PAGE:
China’s 13th 5 Year Plan

Published on Author turpink17

This week, between October 26th and 29th, the Chinese Communist Party is meeting in Beijing for their fifth plenum during which time they will draft the country’s 13th Five Year Plan (第十三个五年规划). This is a time when the political elite of the world’s most populous country will lay the blueprints for the near future of the People’s Republic, proposing policies ranging from economic growth to environmental protection.

Delegates leaving the Great Hall of the People in Beijing, China. Photographer: Tomohiro Ohsumi/Bloomberg

Beijing has already laid out several of the goals of the next five year plan, although many of the details will be determined during this week’s plenum. In regards to economy, China’s leadership aims to double the size of its real economy by 2020, requiring a yearly minimum growth of 6.5%. While this pales in comparison to the double digit annual growth percentages that China has exhibited in the past, it still is questionable whether China will be able to maintain this growth model in light of its recent economic woes. Its current estimated growth percentage, 6.9%, is the slowest growth rate that the country has experienced since the financial crisis of 2009. This number can be expected to continue dropping as Beijing attempts steering the country towards a more sustainable, consumer-driven economic model.

In addition to potentially revamping its economic goals, China’s new Five Year plan can be expected to continue increasing stimulus programs to help ease the pain of slower economic growth. Its fiscal spending has increased 26% since August of last year, benefiting sectors such as healthcare, education, and environmental protection. These factors that encompass the overall category of public welfare in China can expect to remain favored by the 13th Five Year Plan as the country strives to improve the overall quality of life for its citizens. Additionally, more comprehensive transportation and infrastructure development within and between cities will also be highlighted in the new plan, so as to continue relieving stress from China’s road systems and environment.

This plan is also expected to favor three main sectors: internet-plus, the services sector, and other industries that will aid the country’s technological development capacity. This, combined with the potential liberalization of China’s currency, could spark a revolution in the quality of China’s production (i.e. from common place household items to biomedical technology and internet tech). While this will be a boon to China’s emerging technological and energy-based companies, its traditional industries of steel, cement, and paper can expect to suffer from loss of favor and stricter environmental regulations.

While ambitious in its goals, it now remains to be determined whether China’s newest Five Year Plan will be effectively executed or whether its traditional problems with corruption, poverty, and political repression will stunt the continued growth of the country.

8 Responses to China’s 13th 5 Year Plan

  1. It will be interesting to see if the government will continue to cut interest rates and devalue their currency in the coming years, as these policy changes show signs of a sputtering economy.

  2. How fast could a nation-wide shift in production come? I feel like building the infrastructure and changing to a tech or service based economy will take time, and they won’t have much more than the footholds set up by the end of this 5 year period.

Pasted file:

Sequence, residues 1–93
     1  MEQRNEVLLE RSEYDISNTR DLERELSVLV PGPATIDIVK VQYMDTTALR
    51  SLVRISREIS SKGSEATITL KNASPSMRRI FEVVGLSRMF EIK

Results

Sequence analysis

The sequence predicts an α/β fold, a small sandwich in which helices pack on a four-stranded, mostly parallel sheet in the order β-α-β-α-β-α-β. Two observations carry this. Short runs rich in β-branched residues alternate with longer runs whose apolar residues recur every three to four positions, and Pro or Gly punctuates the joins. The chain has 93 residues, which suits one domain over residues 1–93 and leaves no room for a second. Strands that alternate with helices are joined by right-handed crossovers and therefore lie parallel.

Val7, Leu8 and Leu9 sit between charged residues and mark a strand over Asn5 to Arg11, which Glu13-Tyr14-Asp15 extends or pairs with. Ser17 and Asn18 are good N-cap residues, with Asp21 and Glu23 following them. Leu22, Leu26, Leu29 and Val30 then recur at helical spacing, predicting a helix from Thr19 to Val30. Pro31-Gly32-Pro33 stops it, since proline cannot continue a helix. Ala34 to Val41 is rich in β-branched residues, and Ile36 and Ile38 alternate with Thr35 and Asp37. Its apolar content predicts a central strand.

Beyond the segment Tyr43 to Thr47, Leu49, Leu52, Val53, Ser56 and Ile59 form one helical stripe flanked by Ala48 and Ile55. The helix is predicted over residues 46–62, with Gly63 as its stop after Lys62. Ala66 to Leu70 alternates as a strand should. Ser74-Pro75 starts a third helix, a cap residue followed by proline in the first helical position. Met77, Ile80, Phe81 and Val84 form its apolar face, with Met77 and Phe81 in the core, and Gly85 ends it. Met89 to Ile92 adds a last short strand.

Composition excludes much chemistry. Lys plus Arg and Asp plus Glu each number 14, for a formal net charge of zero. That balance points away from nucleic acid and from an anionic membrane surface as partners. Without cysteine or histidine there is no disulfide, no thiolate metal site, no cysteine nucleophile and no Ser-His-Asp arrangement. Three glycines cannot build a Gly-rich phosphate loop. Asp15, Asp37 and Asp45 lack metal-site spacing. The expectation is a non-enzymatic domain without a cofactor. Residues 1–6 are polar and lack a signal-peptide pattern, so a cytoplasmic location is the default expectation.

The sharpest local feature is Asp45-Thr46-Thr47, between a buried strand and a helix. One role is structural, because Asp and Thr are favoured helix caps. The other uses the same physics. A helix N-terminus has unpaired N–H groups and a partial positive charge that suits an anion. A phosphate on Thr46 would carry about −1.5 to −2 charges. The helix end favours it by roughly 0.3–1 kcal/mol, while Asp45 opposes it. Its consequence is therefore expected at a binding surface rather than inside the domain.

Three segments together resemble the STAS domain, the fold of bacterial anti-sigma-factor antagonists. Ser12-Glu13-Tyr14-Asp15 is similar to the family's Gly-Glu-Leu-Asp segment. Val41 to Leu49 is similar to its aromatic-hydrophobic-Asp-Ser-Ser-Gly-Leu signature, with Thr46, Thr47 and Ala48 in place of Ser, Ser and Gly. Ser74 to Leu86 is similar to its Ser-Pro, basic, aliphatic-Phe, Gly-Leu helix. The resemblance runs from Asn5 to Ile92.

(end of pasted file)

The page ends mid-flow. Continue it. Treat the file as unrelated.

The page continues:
3. The new 5-year plan appears to be focusing on the right things. It is unfortunate that there was no mention of Hukuo reform.

  4. In what sense is the 13th FYP actually a “plan”? China’s is not a socialist economy with wide sectors of activity controlled by the State (or more precisely, by Beijing and the various provinces and within provinces large cities). So is this mere wishful thinking? Or an attempt to map out likely changes in the economy, as an aid to planning infrastructure development [as mentioned] and government services and the like?

  5. The 13th Five Year Plan seems to be a “plan in name alone. Based on the patterns of information release we observe, China wants to appear as though it has a more complete handle of its own economic trajectory that it does. Following low growth numbers (6.9% in Q3), China announced last week it was cutting interest rates again and that it was allowing banks to lend more, moves that are characteristic of much lower growth than 7%. Indeed, many economic agencies seem to agree China’s economic growth was lower than reported, so the release of such a “plan” can act as an assurance to casual observers that the government understands where the country is headed and that it remains on course to achieve the goal Kyle laid out of doubling the economy by 2020.

    • Seeing as Five Year Plans in the past have rarely unfolded as intended (just as the 2016 plan’s 6.5% growth rate is unlikely to be met), have there been any moves by the Chinese government in restructuring the process with which they implement economic decisions? I feel as though trying to set economic goals five years into the future by looking at the environment of today is a system that is inherently flawed.

      EDIT: Meant to post this as a stand-alone comment. Oops.

  6. Well, from a US perspective, isn’t a FYP something we’d presume undesirable? If so, then “not working” may be good … let the market reign, not the emperor, er, Premier?!

    Keep in mind, though, that every large company (and most small) undertake some form of planning. So what sorts of decisions or (repetitive?) behavior is “planned” and what is allowed to respond to … whatever, including managerial discretion.